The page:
TEHRAN, Young Journalists Club (YJC) - On Monday, the Military High Court found the defendants guilty of “forming a terror cell, attempting to assassinate Commander-in-Chief Field Marshal Sheikh Khalifa bin Ahmed Al Khalifah and committing other acts of terror.”
Bahrain's state-run news agency reported that one of those sentenced to death, identified as Mubarak Adel Mubarak Mahanna, was a serving soldier before his arrest.
The court sentenced seven other defendants to seven-year jail terms and deprived them too of their citizenship. Five men were acquitted.
Only 10 of the defendants are in custody, while the other eight are on the run – either inside Bahrain or in neighboring countries.
Thousands of anti-regime protesters have held demonstrations in Bahrain on an almost daily basis ever since a popular uprising began in the country in mid-February 2011.
They are demanding that the Al Khalifah dynasty relinquish power and allow a just system representing all Bahrainis to be established.
Manama has gone to great lengths to clamp down on any sign of dissent. On March 14, 2011, troops from Saudi Arabia and the United Arab Emirates were deployed to assist Bahrain in its crackdown.
Scores of people have lost their lives and hundreds of others sustained injuries or got arrested as a result of the Al Khalifah regime’s crackdown.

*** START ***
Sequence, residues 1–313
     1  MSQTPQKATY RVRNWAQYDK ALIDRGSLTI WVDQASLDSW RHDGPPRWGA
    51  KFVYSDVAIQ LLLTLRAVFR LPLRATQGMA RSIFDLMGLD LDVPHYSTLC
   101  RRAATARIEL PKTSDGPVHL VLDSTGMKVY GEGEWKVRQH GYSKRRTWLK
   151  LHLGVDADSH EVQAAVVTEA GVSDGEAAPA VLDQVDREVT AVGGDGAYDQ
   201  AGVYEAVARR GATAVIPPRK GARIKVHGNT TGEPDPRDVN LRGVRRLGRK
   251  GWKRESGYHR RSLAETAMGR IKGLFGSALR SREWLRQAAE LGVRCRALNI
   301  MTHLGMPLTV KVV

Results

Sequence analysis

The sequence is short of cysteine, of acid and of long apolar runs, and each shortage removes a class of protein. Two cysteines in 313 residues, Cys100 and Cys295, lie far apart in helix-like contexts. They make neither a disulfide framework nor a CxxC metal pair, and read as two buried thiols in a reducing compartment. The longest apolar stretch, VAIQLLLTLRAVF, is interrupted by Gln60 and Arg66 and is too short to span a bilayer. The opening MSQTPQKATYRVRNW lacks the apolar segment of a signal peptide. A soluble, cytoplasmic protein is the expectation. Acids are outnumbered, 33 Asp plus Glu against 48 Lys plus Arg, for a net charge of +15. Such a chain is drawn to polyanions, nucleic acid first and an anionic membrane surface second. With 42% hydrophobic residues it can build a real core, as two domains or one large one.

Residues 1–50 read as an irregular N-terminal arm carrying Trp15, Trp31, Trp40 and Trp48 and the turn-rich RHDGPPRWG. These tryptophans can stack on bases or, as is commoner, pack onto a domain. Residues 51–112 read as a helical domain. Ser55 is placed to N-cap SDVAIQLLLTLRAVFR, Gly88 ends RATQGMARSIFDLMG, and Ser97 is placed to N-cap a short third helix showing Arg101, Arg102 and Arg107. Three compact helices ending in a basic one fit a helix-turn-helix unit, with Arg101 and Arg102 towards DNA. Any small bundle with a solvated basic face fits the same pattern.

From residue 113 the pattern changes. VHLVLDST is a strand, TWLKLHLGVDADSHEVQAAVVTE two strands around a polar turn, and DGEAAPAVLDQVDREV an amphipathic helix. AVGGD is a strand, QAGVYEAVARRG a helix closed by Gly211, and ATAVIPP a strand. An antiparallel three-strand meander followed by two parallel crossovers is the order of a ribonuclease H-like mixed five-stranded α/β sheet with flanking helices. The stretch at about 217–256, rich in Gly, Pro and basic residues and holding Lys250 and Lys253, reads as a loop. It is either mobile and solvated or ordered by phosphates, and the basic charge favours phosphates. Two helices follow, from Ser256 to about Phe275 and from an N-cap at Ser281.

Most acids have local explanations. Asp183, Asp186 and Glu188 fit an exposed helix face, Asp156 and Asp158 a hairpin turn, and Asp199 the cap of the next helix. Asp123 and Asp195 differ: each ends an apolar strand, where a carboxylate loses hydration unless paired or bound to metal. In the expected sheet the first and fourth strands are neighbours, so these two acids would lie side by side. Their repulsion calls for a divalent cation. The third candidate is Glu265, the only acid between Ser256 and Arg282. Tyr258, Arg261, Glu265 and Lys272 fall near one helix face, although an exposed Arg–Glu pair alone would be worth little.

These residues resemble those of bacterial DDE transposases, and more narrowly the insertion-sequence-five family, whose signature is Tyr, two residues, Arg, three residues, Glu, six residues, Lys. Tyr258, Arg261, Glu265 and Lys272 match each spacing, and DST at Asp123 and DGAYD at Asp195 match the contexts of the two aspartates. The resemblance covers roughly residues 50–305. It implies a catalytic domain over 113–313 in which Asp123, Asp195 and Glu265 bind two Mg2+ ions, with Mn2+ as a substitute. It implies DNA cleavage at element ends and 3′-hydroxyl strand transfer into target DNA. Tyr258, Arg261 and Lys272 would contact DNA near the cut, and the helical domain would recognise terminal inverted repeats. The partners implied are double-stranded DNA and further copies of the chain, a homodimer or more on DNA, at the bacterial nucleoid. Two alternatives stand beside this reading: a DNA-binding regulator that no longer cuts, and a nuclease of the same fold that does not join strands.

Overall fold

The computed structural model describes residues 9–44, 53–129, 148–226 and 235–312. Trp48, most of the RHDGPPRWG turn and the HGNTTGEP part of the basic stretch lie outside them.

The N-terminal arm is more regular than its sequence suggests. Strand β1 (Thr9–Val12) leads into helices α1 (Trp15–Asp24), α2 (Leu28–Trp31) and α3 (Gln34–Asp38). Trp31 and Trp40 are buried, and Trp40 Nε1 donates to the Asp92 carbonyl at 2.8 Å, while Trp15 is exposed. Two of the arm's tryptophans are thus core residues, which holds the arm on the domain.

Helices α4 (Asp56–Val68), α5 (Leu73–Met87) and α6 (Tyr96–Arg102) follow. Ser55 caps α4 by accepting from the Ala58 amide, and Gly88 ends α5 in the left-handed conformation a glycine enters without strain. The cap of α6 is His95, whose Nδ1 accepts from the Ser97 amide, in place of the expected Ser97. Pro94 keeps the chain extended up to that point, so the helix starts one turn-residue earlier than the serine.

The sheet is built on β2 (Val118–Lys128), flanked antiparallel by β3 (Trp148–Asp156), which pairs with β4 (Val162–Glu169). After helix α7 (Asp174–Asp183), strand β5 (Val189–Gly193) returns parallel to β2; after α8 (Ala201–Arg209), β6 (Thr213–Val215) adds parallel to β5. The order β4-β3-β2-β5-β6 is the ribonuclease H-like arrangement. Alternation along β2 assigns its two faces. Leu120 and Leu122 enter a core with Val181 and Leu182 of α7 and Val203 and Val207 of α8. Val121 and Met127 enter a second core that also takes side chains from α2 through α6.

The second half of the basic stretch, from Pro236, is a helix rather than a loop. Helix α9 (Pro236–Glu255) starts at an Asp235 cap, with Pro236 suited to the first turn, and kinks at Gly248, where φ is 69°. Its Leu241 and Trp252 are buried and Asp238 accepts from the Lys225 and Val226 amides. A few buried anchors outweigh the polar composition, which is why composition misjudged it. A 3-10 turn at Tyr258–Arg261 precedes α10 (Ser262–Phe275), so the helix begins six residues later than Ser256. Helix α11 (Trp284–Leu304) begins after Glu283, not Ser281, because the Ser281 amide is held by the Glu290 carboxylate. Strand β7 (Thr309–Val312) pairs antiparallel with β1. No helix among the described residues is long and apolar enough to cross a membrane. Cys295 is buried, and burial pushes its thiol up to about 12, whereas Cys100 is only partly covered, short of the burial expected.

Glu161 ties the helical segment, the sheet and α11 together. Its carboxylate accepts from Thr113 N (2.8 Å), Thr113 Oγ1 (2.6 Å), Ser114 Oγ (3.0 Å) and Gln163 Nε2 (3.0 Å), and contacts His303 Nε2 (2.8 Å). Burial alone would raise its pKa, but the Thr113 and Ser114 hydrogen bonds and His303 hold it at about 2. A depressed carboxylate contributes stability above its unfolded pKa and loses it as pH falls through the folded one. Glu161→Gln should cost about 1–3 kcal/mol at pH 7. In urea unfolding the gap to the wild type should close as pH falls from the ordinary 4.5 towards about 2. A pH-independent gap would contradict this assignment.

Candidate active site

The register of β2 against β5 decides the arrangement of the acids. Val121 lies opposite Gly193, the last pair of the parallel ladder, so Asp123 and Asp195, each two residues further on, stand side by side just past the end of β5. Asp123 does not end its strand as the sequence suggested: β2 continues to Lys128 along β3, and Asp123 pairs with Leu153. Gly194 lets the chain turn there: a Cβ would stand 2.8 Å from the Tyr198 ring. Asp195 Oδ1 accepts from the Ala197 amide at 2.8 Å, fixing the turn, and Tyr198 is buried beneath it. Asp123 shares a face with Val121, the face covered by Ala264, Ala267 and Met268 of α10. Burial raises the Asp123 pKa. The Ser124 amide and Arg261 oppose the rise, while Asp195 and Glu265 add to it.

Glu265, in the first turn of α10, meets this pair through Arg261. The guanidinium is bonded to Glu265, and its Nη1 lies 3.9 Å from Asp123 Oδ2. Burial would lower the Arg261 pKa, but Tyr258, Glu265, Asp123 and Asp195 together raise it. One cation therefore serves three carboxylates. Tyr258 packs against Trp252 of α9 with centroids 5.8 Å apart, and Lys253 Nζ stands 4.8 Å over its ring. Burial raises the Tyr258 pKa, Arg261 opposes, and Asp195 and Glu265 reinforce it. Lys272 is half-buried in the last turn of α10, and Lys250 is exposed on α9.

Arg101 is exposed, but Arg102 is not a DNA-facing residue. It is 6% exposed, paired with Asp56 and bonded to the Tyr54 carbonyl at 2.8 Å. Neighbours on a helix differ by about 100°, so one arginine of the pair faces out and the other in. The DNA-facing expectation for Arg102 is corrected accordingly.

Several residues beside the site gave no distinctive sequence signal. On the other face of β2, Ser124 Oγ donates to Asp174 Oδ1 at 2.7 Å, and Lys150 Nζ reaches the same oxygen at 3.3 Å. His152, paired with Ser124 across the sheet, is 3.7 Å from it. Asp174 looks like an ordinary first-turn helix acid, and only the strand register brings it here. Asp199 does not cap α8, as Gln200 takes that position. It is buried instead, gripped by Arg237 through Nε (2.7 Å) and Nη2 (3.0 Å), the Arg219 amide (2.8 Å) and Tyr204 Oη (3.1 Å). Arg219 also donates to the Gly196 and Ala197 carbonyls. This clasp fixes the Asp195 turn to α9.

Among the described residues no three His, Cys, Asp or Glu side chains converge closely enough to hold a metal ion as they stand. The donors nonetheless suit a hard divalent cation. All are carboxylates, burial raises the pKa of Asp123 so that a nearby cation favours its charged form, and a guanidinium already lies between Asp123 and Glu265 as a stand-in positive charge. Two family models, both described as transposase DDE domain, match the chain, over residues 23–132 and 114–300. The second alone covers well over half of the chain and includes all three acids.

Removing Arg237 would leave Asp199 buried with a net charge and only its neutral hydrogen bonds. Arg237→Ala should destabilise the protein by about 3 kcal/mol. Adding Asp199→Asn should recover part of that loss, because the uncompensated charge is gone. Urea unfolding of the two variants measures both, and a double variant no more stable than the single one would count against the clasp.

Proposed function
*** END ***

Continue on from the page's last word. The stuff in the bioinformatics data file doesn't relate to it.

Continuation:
On March 5, Bahrain’s parliament approved the trial of civilians at military tribunals in a measure blasted by human rights campaigners as being tantamount to imposition of an undeclared martial law countrywide.
Bahraini monarch King Hamad bin Isa Al Khalifah ratified the constitutional amendment on April 3.
Bahraini people, clerics condemn court verdict
Hours after the announcement of death sentences by a Bahraini court, anti-regime protests started across the tiny Persian Gulf kingdom with dozens of demonstrators taking to the streets in the villages of Salmabad, Karzakan and Diraz, chanting slogans against the ruling Al Khalifah dynasty and burning tires.
Regime forces reacted by firing tear gas canisters at the protesters to disperse the crowds. A number of the protesters suffered breathing difficulties, red eyes and wheezing.
Meanwhile, Bahraini scholars and religious figures also warned against the consequences of the recent death sentences. Then noted that the verdict will set a dangerous precedent, which will only serve to stoke more tensions in the kingdom and provoke adverse reactions.